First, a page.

If you would like to do sports yourself, you can train for the entire semester in the university gym for $ 20.
Halifax also has a beautiful harbor and two parks (Point Pleasant Park and Public Gardens), which are great places to stay on sunny days. Also recommended is the Canadian Immigration Museum at Pier 21, where there is also a Farmer’s Market, where you can buy local products (including ham!)
Just outside is the Halifax Shopping Mall with a great selection of shops. So leave some space in the suitcase;)
Otherwise I can only recommend you: travel as much as possible! Canada is an incredibly beautiful and diverse country, which offers you great opportunities. Grab some friends and rent a car. We always did this via ADAC.de and were able to pick up the car from Hertz at the Marriott Hotel at the port. At the weekend it’s not that expensive, and the amount can be split up with several friends.
One weekend we went south and had a house on AirBnB right on the beach. Unfortunately there wasn’t really anything going on in Lunenburg, Mahone Bay etc. in winter, but Peggy’s Cove was beautiful. In addition, it was just great on the beach in winter and you get to know the others in the group better.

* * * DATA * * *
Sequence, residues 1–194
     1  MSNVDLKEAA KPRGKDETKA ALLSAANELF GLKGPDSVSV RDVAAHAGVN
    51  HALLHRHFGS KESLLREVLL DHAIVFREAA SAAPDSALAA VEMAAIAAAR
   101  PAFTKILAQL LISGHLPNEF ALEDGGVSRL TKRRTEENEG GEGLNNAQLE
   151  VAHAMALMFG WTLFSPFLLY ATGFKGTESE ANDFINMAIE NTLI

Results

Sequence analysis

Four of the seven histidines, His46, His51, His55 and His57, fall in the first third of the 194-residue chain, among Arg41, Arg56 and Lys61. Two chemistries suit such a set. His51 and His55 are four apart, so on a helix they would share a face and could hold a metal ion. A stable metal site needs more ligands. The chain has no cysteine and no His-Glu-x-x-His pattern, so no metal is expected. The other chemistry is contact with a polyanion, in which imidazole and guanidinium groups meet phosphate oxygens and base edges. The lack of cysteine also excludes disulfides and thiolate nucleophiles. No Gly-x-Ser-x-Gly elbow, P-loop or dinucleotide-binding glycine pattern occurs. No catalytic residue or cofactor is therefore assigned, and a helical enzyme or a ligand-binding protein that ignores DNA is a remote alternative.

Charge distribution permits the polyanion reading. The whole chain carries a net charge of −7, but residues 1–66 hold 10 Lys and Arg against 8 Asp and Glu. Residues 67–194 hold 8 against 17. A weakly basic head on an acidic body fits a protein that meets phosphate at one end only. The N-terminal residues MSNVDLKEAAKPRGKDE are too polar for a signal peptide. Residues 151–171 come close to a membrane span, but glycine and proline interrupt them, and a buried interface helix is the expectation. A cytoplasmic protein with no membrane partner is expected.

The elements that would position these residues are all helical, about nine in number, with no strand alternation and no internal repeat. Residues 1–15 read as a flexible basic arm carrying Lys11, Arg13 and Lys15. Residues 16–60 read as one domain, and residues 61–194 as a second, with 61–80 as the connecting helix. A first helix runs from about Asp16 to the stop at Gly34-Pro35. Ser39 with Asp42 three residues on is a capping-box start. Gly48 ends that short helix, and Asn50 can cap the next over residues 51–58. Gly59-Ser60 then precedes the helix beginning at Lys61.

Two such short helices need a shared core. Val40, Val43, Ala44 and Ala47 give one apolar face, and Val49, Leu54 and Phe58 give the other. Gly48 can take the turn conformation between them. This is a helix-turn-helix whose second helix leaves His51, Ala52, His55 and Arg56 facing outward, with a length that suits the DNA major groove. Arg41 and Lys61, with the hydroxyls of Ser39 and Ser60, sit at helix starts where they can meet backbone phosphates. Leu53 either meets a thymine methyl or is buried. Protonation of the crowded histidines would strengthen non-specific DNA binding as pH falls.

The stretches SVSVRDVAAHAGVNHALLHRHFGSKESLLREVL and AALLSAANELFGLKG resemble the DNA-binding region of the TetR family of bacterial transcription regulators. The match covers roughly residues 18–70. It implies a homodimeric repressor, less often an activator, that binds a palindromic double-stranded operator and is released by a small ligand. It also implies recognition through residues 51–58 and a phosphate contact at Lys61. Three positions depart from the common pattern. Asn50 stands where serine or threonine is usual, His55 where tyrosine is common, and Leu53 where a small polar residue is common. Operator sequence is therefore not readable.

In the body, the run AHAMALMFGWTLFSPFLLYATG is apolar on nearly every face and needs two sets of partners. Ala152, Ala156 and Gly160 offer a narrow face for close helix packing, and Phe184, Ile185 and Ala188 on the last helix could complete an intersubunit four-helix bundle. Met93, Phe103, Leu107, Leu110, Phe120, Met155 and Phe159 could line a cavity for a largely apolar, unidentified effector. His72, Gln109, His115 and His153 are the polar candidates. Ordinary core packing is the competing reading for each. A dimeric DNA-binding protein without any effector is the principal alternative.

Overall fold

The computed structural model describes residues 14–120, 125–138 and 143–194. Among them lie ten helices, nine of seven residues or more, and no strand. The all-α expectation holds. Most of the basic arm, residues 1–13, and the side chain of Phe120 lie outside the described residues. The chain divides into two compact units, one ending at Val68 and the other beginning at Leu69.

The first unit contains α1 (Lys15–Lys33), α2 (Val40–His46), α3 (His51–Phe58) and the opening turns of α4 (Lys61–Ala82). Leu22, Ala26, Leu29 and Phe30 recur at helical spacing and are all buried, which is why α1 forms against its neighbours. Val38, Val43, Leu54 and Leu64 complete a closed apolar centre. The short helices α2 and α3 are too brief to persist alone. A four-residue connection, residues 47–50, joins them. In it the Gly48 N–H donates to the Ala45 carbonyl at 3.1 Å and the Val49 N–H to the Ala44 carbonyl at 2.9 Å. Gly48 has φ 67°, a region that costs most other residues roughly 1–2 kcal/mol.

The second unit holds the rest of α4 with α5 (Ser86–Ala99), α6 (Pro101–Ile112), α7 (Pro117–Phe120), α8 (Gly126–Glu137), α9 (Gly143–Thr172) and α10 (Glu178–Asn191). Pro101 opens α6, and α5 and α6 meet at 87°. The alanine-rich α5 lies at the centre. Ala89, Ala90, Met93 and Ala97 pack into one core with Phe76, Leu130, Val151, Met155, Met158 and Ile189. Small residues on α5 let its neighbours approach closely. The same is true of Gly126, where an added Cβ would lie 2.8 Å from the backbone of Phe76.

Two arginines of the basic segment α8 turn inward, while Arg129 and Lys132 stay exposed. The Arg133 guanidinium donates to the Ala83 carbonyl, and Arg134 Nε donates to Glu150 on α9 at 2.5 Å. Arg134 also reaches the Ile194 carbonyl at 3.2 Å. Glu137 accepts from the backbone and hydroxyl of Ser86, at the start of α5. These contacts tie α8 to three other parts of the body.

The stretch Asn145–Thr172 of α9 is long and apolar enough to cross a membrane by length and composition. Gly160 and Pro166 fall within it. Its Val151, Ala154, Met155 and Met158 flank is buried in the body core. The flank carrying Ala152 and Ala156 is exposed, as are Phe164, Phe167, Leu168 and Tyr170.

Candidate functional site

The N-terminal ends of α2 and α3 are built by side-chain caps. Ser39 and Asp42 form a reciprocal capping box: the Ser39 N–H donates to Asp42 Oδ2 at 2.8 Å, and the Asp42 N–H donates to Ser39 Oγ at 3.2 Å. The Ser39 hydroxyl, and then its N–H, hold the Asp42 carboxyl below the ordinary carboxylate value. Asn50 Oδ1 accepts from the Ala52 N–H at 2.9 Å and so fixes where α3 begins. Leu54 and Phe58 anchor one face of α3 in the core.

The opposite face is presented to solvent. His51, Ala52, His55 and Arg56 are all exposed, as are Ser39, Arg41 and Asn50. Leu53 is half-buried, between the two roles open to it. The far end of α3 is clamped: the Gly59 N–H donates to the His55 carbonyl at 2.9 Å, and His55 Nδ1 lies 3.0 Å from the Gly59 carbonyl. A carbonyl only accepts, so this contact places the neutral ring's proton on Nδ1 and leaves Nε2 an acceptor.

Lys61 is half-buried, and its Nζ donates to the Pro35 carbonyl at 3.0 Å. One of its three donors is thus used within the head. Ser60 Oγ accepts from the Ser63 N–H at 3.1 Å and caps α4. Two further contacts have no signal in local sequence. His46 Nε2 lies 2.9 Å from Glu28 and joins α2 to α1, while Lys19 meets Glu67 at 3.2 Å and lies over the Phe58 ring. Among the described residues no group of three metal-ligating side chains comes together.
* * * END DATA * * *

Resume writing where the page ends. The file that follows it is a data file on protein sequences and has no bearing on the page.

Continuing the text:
We went to Cape Breton over Easter. Definitely go there! I think that was one of the most beautiful stretches of land I have ever seen. But drive better when there is not much or no snow left if you are at SMU in the spring semester.
In the spring semester you also have a week of winter vacation in February, during which I flew to Calgary with three friends and from there traveled to the national parks of Banff and Jasper, where we went skiing and hiking. Just great!
After the semester, I also traveled to Toronto, Algonquin Provinical Park, Ottawa and Montreal, as well as New York and Washington. If you have any questions, feel free to contact us.
So you see, you will hardly be bored 🙂
I would spend a semester abroad at Saint Mary’s University and in Halifax again at any time, as the country and its people have become dear to my heart and I had an unbelievably great time. I was able to make many new experiences and get to know nice people, for which I am very grateful. But be aware that everything in Canada is quite expensive and the tuition fees are also very high. Nevertheless, I had an unforgettable 5 months and it was worth it not only in terms of my academic training but also in terms of my personal development.